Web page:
I can’t remember the first time I ever ate fried chicken and biscuits. As a southerner, I gotta say, it’s likely there was no first time. I was probably just born with a taste for it already in encoded in my DNA. That’s a thing, right? Like the way wolves come pre-wired to stalk a moose, instead of entering the world craving arugula. I’m pretty sure my science is sound here, folks. I’m an actor, after all, which means I’ve auditioned for a lot of scientists. The thing is, fried chicken and biscuits feels so much a part of my life, it’s like I can’t remember a time before it. Like when you’ve been married a long time, or you have kids. There was no time before marriage. That was a different person. With brown hair. There was no time before kids. I’ve been stepping on legos at 4am since the big bang. That’s what fried chicken and biscuits is for me: the big bang of food.
I do have an early memory of eating cold fried chicken for my 4th birthday. If I peer into the magic globe I can see well dressed kids with cake on their faces and He-Man themed paper plates piled high with fried chicken cooked the day before. I can see myself insisting on getting the thighs. No legs for me. I was a big kid now. Legs were for babies, novices.
Recently, I brought this up to my mother, and she asked, “you mean the birthday where you tried to feed the chimpanzee?”
“Huh? What are you talking about I never had a chimpanzee at my birthday,” I said.
“Yes you did. And you tried to feed it chocolate cake,” she said.
This was troubling on many levels, and raised several important questions concerning everything from animal welfare to child safety, but more than anything it was telling. Cold fried chicken left a bigger imprint on my mind than a cake-eating chimp.
(The 6" Petty Knife)
I think many Americans might have a similar relationship to fried chicken. Maybe you never buried memories of borderline animal abuse with crispy birds, but for most Americans fried chicken is a frequent indulgence. It is our most popular prepared food. We eat 8 billion chickens a year, and in 2019, 178 million Americans ate some kind of fried chicken. We’re most likely to buy it from a supermarket, and statistically a majority of us have in the just the last two weeks. Nearly a quarter of all restaurants have some version of fried chicken on their menu. It is everywhere. But as naturally happens with things consigned to ubiquity, much of it is bad. The vast majority of fried chicken that Americans eat is frozen. Maybe you unzip little frozen nuggets from a bag to feed your kids when you’re just not feeling the pots and pans. Maybe you get chicken strips in the drive-thru. Maybe you have a quick fried chicken sandwich. All of those are frozen, and few are good.
True fried chicken is never frozen. The best is made with very small, two to three pound birds. I like to brine it in nothing more than some salt water and honey, and I fry it in seasoned oil, that is, fresh oil with a few tablespoons of older frying oil. I only make it couple of times a year because I feel like fried chicken should feel as special as something like Beef Wellington. And who would disagree with that? It’s just as impressive, tastes way better, and costs about $150 less. And though Beef Wellington has puff pastry, with fried chicken and biscuits you get, well, biscuits.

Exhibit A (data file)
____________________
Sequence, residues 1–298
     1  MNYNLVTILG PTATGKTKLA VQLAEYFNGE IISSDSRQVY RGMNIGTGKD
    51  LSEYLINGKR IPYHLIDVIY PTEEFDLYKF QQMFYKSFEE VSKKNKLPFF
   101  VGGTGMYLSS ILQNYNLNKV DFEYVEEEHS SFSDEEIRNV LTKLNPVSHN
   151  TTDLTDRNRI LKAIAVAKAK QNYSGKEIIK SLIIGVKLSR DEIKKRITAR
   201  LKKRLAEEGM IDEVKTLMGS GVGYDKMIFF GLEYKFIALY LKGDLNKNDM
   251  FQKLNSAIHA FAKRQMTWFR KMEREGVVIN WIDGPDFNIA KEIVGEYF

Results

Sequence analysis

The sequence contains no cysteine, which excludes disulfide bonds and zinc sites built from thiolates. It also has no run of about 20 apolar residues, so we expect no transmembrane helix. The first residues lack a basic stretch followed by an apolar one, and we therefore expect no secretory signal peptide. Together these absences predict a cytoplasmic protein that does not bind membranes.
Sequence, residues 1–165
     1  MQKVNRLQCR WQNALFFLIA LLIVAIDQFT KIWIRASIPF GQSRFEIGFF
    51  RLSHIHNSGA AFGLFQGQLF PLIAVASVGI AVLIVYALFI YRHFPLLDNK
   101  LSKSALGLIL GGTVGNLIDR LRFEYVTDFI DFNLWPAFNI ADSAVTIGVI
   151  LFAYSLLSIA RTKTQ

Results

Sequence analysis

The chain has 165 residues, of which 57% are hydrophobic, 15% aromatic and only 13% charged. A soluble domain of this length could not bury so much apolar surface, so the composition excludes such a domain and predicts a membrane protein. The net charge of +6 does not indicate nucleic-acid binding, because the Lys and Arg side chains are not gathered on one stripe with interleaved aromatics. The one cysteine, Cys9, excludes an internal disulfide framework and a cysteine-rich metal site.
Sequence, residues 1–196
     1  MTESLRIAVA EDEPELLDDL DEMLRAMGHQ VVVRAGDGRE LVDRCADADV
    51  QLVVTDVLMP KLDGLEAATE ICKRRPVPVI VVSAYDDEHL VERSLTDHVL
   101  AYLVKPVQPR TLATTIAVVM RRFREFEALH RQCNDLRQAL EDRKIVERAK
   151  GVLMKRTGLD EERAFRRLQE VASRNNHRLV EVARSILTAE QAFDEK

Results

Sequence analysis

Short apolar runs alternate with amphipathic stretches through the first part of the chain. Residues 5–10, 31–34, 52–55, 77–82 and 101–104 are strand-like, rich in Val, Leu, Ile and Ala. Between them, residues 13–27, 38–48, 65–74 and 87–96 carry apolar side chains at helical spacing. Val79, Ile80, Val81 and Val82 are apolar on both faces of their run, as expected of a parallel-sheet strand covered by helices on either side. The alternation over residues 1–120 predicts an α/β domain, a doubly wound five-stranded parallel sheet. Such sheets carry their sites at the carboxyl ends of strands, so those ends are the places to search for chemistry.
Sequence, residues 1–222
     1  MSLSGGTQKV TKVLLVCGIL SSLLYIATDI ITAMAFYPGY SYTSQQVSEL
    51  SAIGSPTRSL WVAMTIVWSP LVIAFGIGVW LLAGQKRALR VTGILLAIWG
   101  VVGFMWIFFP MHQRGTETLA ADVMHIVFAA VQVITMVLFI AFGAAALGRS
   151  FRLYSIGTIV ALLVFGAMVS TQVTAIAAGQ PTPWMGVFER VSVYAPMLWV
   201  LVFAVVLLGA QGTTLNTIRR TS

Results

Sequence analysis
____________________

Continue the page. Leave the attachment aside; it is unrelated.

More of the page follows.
As for biscuits, there’s no one good type. A biscuit can be tall and flaky. It can be short and fluffy. But unlike fried chicken which tastes just fine cold, a biscuit should always be fresh and always be hot. A cold biscuit is just sad. I feel bad for it. It’s like a deflated soufflé or me when I didn’t get chosen for kickball: it’s not living up to destiny. I like to make my biscuits square because I’m left with no scraps and I have the added bonus of textural variety with the crispy corners. Combine these hot, fresh biscuits, crispy, tender fried chicken and a drizzle of honey, and you’ve got yourself a special occasion explosion of flavor. More big bang for your buck than any fancy roast could ever give.
Fried Chicken and Biscuits
For the Chicken:
For the Biscuits:
(Don’t hate me, but get a scale for your baking. Your leavened breads and quick breads, like biscuits, will be so much more consistent.)
John Tufts is an award-winning actor and author. In addition to being paid to travel the world to wear tights and fight with swords, he has also written a book about the food of Shakespeare’s England called Fat Rascals: Dining at Shakespeare’s Table. His book is available at john-tufts.com/fatrascalsbook. His food history web series, “Eatso-Facto,” currently airs on YouTube. You can follow him on Instagram at @johnnymtufts. He lives in New York.